The 2008 Olympics represented a major way for China to signal the country's opening up policy. Alongside this important effort in public diplomacy, the Games catalyzed a major project of urban transformation and new infrastructure development in the capitol city. Most of the capital invested in the 2008 Olympics was in fact spent on infrastructure, which has helped shape and foster a greater environmental awareness among the public and was an opportunity to showcase China?s commitment to growing in an environmentally sustainable manner.
Source: Shanghai Manual: A Guide for Sustainable Urban Development in the 21st Century (2010)
The Beijing Olympics highlighted a number of environmental issues, including the city's poor air quality. During the bid phase in 2000, Beijing set ambitious goals to improve the city's environment. The goals ranged from addressing air and water quality and waste management to introducing environmental considerations in the development of new infrastructure.
Initiatives to improve air quality and reduce air pollution included the relocation and retrofitting of major polluting industries, restrictions on construction sites, conversion of coal burning boilers to cleaner fuels like natural gas and the implementation of vehicle emissions standards within the city. In addition, Beijing vastly expanded its transportation infrastructure to improve local, regional, national and international connections. The improvement in public transport continues to help millions in their daily commute and has helped reduce the amount of automobile pollution since the conclusion of the Olympic games.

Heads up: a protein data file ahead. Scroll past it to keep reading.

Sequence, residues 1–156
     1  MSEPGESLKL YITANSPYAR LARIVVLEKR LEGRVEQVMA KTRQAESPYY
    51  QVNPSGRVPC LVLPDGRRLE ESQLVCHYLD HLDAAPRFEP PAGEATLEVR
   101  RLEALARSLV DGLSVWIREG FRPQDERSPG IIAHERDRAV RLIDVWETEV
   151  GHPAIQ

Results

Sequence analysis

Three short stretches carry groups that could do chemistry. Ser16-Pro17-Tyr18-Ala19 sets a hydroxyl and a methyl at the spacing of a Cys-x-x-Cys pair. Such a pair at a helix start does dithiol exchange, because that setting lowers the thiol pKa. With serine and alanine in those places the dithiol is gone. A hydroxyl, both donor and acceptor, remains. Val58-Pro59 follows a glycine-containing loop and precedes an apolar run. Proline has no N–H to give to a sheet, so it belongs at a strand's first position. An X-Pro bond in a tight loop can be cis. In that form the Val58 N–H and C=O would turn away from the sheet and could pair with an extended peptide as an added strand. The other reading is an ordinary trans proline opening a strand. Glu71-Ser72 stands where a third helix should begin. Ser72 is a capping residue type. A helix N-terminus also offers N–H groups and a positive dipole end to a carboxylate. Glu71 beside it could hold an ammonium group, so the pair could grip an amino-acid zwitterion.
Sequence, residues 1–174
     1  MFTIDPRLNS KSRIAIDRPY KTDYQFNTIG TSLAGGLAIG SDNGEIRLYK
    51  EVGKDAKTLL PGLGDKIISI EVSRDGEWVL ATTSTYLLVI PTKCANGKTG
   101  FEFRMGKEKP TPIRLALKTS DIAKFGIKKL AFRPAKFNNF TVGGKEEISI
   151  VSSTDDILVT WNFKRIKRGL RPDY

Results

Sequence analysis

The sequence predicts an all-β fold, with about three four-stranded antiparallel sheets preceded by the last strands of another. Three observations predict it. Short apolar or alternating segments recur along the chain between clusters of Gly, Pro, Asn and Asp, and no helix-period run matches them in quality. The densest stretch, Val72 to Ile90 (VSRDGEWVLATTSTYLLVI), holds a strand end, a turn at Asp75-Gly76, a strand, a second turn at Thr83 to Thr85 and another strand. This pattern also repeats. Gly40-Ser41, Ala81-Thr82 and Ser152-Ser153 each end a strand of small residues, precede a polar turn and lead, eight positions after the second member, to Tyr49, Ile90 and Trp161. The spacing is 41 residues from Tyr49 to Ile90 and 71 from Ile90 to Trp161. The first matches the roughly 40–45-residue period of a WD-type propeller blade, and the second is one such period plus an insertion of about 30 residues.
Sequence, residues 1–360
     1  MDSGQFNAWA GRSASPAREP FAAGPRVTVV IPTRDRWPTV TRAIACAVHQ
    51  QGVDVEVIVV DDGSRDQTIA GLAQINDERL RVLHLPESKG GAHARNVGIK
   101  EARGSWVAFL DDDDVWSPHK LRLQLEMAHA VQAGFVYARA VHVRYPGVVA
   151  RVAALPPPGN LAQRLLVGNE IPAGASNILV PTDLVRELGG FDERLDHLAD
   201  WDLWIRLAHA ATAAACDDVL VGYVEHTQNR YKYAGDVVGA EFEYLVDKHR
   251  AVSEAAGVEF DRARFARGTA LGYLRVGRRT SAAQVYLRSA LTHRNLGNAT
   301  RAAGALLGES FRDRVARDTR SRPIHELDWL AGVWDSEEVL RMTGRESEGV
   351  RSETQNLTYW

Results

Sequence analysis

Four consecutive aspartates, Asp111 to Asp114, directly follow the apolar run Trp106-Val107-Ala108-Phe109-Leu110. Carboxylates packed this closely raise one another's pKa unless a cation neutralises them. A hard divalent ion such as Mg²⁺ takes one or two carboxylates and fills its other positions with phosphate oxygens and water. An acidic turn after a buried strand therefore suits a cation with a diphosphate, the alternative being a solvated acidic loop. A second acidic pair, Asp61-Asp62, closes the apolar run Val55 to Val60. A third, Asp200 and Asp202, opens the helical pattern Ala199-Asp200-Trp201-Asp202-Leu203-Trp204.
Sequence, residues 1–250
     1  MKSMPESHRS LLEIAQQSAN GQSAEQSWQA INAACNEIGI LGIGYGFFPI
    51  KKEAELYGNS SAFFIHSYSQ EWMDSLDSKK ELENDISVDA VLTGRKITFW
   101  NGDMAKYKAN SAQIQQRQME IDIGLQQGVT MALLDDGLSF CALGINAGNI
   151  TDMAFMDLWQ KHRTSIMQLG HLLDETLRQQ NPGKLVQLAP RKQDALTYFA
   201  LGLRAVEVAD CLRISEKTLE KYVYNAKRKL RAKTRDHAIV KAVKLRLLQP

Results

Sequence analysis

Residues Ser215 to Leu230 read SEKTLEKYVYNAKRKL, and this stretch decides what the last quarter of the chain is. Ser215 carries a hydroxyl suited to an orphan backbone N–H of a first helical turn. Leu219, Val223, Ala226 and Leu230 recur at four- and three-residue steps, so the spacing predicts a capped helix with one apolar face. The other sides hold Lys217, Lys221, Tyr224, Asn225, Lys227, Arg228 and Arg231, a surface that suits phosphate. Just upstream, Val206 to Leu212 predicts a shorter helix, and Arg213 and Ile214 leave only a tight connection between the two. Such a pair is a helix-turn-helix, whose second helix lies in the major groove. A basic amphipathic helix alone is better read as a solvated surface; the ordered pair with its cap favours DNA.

In addition, Beijing significantly upgraded its wastewater treatment and sewage network capacity. A variety of water saving schemes and rainwater collection and re-use systems were implemented in the Olympic Village and competition venues. The city also made efforts to improve the quality and availability of clean drinking water, placing the protection of drinking water reservoirs high on the agenda. Beijing also implemented an improved waste processing system throughout the city in preparation for the Olympics that still benefits the city today.
Beijing 2008 shows how a mega-event can have a significant impact on urban infrastructure and livability provided that it is properly integrated in an already existing programme of infrastructure, technology and policy roadmap development.
Green economy policies, practices and initiatives
Location: Beijing, China
Date of completion: 2008
Copyright United Nations Department of Economic and Social Affairs
Part of the Sustainable Development Knowledge Platform - sustainabledevelopment.un.org